“In the 1970s, domestic production of fish was said to range from 600,000 to 700,000 tonnes. By 1983 this dropped to 538,000 tonnes in 2000, the local catch was 441,337 tonnes and today the figure is not encouraging,” she said.
Edodo-Emore said that the challenges of illegal, unreported, and unregulated fishing must be tackled for Nigeria to reap the gains of the blue economy.

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Maritime Business Holds Fishing And Fisheries Roundtable Breakfast Meeting



Maritime Business Holds Fishing And Fisheries Roundtable Breakfast Meeting

Rashidat Olushola Okunlade Writes

The Maritime Stakeholders to hold the Maritime Business Round table Breakfast Meeting on Fishing and Fisheries scheduled for the 13th of April 2023 at the Lagos Oriental Hotel,  Victoria Island Lagos.

The event Maritime Business Roundtable Breakfast Meeting [MBRBM] with the theme “ILLEGAL, UNDOCUMENTED & UNREGULATED FISHING -THE BANE OF  NIGERIA’S BLUE ECONOMY “.

Stakeholders meet and share information on fishing and fisheries to develop recommendations for the Government and maritime stakeholders.

This process helps to set Nigeria’s Blue economy direction for the coming year and beyond.

Considering the strategic importance of FISHING AND FISHERIES to the development of Nigeria’s Blue Economy, organisations are invited to the Maritime Business Roundtable Breakfast Meeting [MBRBM] on Fishing and Fisheries scheduled for Thursday 13th April  2023  at the Lagos Oriental Hotel, Victoria Island, at 9:00 am.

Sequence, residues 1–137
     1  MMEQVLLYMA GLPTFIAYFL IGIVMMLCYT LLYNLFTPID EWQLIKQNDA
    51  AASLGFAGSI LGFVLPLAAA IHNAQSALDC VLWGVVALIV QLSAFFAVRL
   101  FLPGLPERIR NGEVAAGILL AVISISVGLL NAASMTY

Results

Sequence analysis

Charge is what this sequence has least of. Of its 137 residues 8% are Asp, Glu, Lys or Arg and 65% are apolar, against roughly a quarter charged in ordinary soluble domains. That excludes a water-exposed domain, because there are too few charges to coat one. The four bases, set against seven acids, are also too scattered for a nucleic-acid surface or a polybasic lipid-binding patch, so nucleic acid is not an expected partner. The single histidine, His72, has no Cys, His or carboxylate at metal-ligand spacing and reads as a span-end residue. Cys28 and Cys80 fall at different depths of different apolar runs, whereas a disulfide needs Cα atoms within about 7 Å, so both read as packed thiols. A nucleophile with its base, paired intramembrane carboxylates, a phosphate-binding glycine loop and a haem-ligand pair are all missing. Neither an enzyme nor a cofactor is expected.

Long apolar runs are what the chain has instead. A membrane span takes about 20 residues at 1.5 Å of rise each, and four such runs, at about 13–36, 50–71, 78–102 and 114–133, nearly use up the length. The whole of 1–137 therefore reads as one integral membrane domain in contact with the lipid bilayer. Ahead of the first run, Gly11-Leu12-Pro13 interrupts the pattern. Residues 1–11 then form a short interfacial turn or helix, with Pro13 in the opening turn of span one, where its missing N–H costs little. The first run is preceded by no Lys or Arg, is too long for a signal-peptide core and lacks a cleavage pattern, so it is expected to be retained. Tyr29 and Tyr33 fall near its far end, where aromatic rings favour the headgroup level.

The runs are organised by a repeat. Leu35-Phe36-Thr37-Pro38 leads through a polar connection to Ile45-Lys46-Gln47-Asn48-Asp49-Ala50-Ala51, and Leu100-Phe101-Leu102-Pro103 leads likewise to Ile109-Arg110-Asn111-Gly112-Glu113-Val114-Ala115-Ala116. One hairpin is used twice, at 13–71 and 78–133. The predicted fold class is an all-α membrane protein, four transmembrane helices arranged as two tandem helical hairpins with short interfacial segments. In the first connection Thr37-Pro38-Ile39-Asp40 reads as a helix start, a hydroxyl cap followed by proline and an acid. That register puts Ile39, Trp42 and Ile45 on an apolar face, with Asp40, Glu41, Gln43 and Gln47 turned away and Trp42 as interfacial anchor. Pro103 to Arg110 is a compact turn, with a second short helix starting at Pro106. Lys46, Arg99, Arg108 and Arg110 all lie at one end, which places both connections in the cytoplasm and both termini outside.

The aim of the Maritime Business Roundtable Breakfast Meeting [MBRBM] is to bring users and suppliers of Nigerian Maritime and Aquacultural services together to share ideas and explore opportunities  in Nigeria’s Blue Economy

The proposed panelists  for the meeting are:

  1. Abisola OLUSANYA -The Honourable Commissioner for Agriculture, Lagos State
  2. Benedette OKONKWO-President Nigerian Trawler Owners Association [NITOA]
  3. Enitan SOLARIN-Managing Director, YOA Insurance Brokers
  4. Dr. Bashir JAMOH -Director General, Nigerian Maritime Administration, and Safety Agency
  5. Adekunle FASASI – President Fishermen Association
  6. The Director -Nigerian Institute of Oceanography and Marine Research